Terms of Engagement 101 Part II: Types of Standard Contracts (Updated)
January 2020 Update: Please note this Regulatory Review was reissued in January 2020. The original version was published on November 1, 2017. The information included in the first edition became out of date after the Code of Ethics & Administrative Bylaws came into effect in October 2019. The information was updated to account for the amendments made to the AIBC Bylaws.
In this Regulatory Review, we provide an overview of the eight standard form contracts that have been approved by AIBC Council, and provide information and advice on how to select the most suitable contract for your project.
Why Use Standard Contracts?
A written agreement is required when practising architecture in British Columbia. Bylaw 28.0 (PDF) and 28.1 (PDF) establish the requirement for an architect’s professional services to be based upon and consistent with an approved standard form of agreement. Bylaw 28.0 (PDF) states that an architect is not permitted to provide architectural services to a client until the following conditions are satisfied:
- All terms and conditions of engagement have been confirmed in a written architectural services contract with the client, executed by the parties; and
- The client has been advised in writing:
- whether professional liability insurance is in place in relation to the architectural services to be provided for the commission;
- that the professional liability insurance policy in (i) is available for review by the client upon request; and
- that the contract “is in compliance with AIBC Bylaws, including the Code of Ethics and Professional Conduct.”
Having a clear contract that stipulates both architect and the client obligations helps lead to a smooth-running project. The use of non-standard contracts can lead to disputes. Often, critical issues are not addressed in the optimism of a new commission, such as dispute resolution and termination. The standard contracts recognize these items must be covered, and address them in a fair and business-like way.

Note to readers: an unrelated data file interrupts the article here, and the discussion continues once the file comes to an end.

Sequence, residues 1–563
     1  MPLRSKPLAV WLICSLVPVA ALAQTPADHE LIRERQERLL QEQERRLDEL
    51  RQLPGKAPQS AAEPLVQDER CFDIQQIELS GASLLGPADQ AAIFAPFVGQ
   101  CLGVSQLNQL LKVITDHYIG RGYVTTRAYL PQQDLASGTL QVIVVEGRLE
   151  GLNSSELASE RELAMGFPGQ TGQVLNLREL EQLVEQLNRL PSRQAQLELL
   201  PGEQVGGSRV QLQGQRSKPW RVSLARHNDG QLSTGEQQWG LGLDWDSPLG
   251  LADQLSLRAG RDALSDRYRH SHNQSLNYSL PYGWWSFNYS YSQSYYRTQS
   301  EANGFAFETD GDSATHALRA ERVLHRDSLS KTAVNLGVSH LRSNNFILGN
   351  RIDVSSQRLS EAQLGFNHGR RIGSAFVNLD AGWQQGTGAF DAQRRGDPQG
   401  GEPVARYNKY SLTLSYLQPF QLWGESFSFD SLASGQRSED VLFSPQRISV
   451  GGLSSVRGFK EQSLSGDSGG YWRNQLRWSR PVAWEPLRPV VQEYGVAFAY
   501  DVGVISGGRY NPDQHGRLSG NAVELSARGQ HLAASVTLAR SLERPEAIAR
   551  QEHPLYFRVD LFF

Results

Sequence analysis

There are additional advantages to standard contracts. They are industry supported and maintained, making them familiar and predictable. They are insurable, mutually compatible, equitable and ethically grounded. They have professional authority as they are referenced in AIBC Bylaws.
Client-drafted contracts should be avoided, as they may be one-sided and not meet the bylaw requirement for a standard contract. The same can be said of architect-drafted contracts. If a client and/or architect have special circumstances that must be included in a client-architect agreement, these may be readily added to a standard contract by means of supplementary conditions. Any such revisions to a standard agreement should be reviewed by both your lawyer and insurer.
Types of Standard Contracts
These are the eight standard form contracts approved by AIBC Council:
- AIBC 6C: AIBC Standard Form of Contract 6C between Client and Consultant
- AIBC 6C-H: Supplementary Conditions to AIBC Standard Form of Contract 6C Between Client and Consultant (For Healthcare Projects in British Columbia)
- AIBC 8C: AIBC Document Standard Short Form Contract Between Client and Consultant
- CCDC 15: Design Services Contract between Design-Builder and Consultant
- CCDC 30: Integrated Project Delivery Contract
- RAIC 6: RAIC Canadian Standard Form of Contract for Architect’s Services
- RAIC 9: RAIC Canadian Standard Form of Contract between Architect and Consultant
- ACEC 31: Engineering Agreement between Client and Engineer
This article will provide an overview of the eight standard form contracts approved by AIBC Council: AIBC 6C, AIBC 6C-H, AIBC 8C, RAIC 6, RAIC 9 and CCDC 15, CCDC 30 and ACEC 31.
AIBC 6C: This is a standard contract between client and consultant (which could be an architect or an engineer), and is used for projects with separately engaged consultants. The AIBC 6C contract is the most commonly used agreement for projects of any size and for standard architectural services (i.e., the design of a building), as it contains detailed descriptions of services and obligations. This agreement can be used for the client-architect contract, as well as for each client-consultant contract. When it is used for all consultants on a project, it reduces vicarious liability among the consultant team for each other’s errors and omissions, as it provides for consistent and compatible agreements with clearly defined scopes of work for each consultant. Document 6C’s scope of professional services is generally consistent with AIBC Bulletin 90: Minimum Scope of Architectural Services.